This friend is a good person but very set in his ways. He is resistant to change of any kind and one of those folks who believe, if you can’t see it or touch it, it’s not real. But he was trying hard to understand something completely foreign to him. He was trying to understand something he didn’t even believe in because he felt that if he didn’t he could lose something he loved a great deal. What that was is a story for another time. The point is he felt absolutely everything was riding on his ability to “get it”. One night completely out of the blue – even for me – I told him the story of the Found Medal with the hope he would see that he didn’t have to try so hard.

The next day the two of us were riding dirt bikes with another friend. We left from his house to search for a trail we knew was out there somewhere – yes, thirty something years later and we are still blazing trails and playing in the woods. During our trek through the backwoods we stopped to rest and my friend realized he had lost a foot peg off of his vintage two-wheel drive bike. All three of us starting looking for this small black part on the ground that was covered with leaves and twigs right next to a creek we had just crossed. Not finding it meant one of us would have a very long and difficult ride out of there.

Hmmm, I almost couldn’t believe how familiar this situation was or the fact that, just yesterday I remembered this childhood story and told it to my friend.

With a huge smile on my face I said, “We should stop looking for it. It’ll probably just show up.”

My friend who was kicking leaves and twigs around frantically looking for this thing stopped and looked at me with a sarcastic grin remembering the story I told him the night before. Then he looked back at the ground, bent down and picked up his foot peg. Everything went still for a moment. I could see the light inside of him trying to get past the look of disbelief on his face but he wouldn’t let it. He didn’t want to admit that something he couldn’t explain just happened. In his mind, it was just a coincidence. In my heart I knew there’s no such thing.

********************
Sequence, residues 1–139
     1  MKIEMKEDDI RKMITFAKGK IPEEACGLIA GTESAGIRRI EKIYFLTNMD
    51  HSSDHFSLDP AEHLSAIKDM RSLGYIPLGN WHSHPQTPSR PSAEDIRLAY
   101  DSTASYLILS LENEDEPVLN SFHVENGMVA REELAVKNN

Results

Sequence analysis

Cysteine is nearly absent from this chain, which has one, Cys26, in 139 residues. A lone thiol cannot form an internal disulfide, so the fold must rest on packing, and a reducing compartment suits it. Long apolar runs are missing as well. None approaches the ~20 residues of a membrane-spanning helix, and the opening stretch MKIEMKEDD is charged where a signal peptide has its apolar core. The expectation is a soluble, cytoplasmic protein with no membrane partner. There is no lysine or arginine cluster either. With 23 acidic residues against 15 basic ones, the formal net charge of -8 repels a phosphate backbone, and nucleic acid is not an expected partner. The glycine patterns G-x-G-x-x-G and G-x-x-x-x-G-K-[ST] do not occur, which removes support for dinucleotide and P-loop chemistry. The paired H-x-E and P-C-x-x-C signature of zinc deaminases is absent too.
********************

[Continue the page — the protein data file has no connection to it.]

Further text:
The universe allowed me to witness this same experience twice. It must be an important message. And I think I finally know what it is. In a word – Allowing.

Allowing is not the opposite of trying but the opposite of fighting. Fighting the negative only increases negativity by giving it more energy. When you feel anxious, worried or attached to a specific outcome, you become defensive and put up walls, walls that keep positive energy away. You are sending out a feeling of “this has to happen or else”. If you have faith, feel safe, peaceful and trusting inside, the walls come down and positive energy flows to you with ease and grace.

I’ll always remember the look on my friend’s face when he found his foot peg. It was the same look my childhood friend had when he found the medal. The same light was shining in both their eyes, easy for a ten-year old kid, not always easy for an adult. But it should be.

I think we should all be our ten-year old selves again and stop over thinking everything. We can be responsible without taking things so damn seriously all the time. Adventure, explore, discover and allow life to be the miracle it is.

I’ll meet you at the purple rock!

2 Responses to The Found Medal

  1. Kristen Nelson March 21, 2016 at 5:03 am #

    Great post! Reminds me of Loving What Is by Byron Katie.

    • jonvonknight March 21, 2016 at 8:42 am #

      Hi Kristen and thank you! Not familiar with Loving What Is but you have me curious now so I will check it out. Blessings to you!